Slide a 1" aluminum tube into the arm/panel. This will made the pivoting smoother and stop it from slowly stripping away the wood.

Left Arm:

Insert the 1" aluminum sleeve into the panel and the 3/4" sleeve into the arm. Then insert a screw and washer from the inside of the panel through the panel and into the arm. Place a washer on the end of the screw and screw on two nuts. The first nut holds the arm and panel together while the second one locks it in place. Do not tighten the left side or the panel won't tilt.

Step 14: Get Creating!

Now its time to use your creation to make some sweet videos!

Thanks for reading through and watching! Make sure and check out the rest of my channel and share what you've learned here today!

Comments

author
JohnH299 (author)2016-03-17

First, thank you for a great-looking, well-presented project! I'm a still photographer, have plenty of strobes, but am looking to do both still and video...on a budget. I'll be making at least one of these.

Second, have you considered any mods to allow for filters? Larger sheet filters aren't common, so I'll need to do some research for sizes, costs, etc. Mainly I was wondering about ways to affix filters in front of the lighting so you can have different light temps from different sources. If it were all one temp, Photoshop is the obvious answer. If you want to get creative with different light temps, then filters are an answer.

author
PatrickW51 (author)JohnH2992016-03-18

Thank you!

I have not looked into mods for filters. The cheapest way to do it would be to simply tape it to the front. Otherwise you will need a larger transparent of plastic but those can get pricy. One way to do it, is to use two different temperatures of LED's like DIY Perks does:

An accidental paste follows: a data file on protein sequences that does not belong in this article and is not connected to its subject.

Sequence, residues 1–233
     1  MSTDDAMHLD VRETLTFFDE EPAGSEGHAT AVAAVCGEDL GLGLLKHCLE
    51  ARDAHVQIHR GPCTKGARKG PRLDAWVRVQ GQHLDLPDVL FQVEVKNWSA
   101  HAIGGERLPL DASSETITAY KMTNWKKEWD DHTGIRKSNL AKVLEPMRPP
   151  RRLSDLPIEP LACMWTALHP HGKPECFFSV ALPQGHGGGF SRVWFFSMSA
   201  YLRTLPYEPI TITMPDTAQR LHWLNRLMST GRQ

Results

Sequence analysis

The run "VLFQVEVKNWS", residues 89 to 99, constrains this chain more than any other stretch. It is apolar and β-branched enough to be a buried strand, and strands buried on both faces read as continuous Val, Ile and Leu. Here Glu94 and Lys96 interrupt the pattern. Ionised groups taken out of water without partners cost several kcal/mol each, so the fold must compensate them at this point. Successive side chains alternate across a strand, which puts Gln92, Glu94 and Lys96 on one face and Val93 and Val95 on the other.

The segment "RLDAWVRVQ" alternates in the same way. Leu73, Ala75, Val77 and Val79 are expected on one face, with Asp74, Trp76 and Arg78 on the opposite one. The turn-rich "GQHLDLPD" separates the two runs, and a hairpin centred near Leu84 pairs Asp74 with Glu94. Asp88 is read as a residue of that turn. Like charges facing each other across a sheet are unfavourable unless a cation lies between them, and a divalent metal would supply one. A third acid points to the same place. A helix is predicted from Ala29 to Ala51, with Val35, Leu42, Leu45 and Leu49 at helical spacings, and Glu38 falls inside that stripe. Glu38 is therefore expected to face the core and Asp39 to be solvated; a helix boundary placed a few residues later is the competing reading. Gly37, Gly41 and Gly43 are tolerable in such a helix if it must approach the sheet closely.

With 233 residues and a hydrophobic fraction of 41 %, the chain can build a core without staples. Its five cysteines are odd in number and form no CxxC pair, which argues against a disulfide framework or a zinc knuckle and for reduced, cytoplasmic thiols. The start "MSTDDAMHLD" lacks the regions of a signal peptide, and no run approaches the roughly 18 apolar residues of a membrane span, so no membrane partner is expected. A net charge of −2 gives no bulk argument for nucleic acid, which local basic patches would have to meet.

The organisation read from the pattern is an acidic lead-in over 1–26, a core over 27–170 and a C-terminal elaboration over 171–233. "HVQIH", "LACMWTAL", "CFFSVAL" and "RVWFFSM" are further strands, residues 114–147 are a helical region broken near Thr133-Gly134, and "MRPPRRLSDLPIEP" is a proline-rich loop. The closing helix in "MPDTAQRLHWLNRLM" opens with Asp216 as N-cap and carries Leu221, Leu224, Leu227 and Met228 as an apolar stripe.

Or you can put an acrylic sheet over the front like he does in this build:

I'm going to be making another one of these panels, and I like the 6000K so much that I think I am just goign to use the same temperature LED's again, buttttttt his flexible, temperature variable LED panels are really temping. Might try those out!

author
StressTest (author)2016-02-23

There is only one addition I'd like to see with this panel and that's to be able to control the color temperature of between 3000K and 6000K. Do you know how we could accomplish this?

I was actually going to buy a led panel that has this capability but if I can build it, that would be even better. I'm not very electronics savvy but if you have the know how, this would be a great addition.

author
PatrickW51 (author)StressTest2016-02-27

You might be able to get white LED strips that have varying temperatures. That is definitely something I would like to have too. You have to be careful about your lighting with this panel because the light is so white!

author
StressTest (author)PatrickW512016-02-29

That's a good idea... It would probably be the easiest way to implement this provided you could find such a set of lights. At any rate, great instructable.

author
PatrickW51 (author)StressTest2016-02-29

Actually, I just recently saw this video. He used two different temperatures of LEDs and dims them individually: https://www.youtube.com/watch?v=qlMtakaa7u8

author
StressTest (author)PatrickW512016-03-02

This is great! Thank you very much for the link, this is exactly what I needed and I appreciate you taking the time to find it.

author
PatrickW51 (author)StressTest2016-03-05

No problem! :D

author
DIY Hacks and How Tos (author)2016-02-20

This is a really impressive panel light.

author

Thank you!!

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Bio: My sister and I like to make things! And even more than making things, we like to share our creations! We want to create beautiful ... More »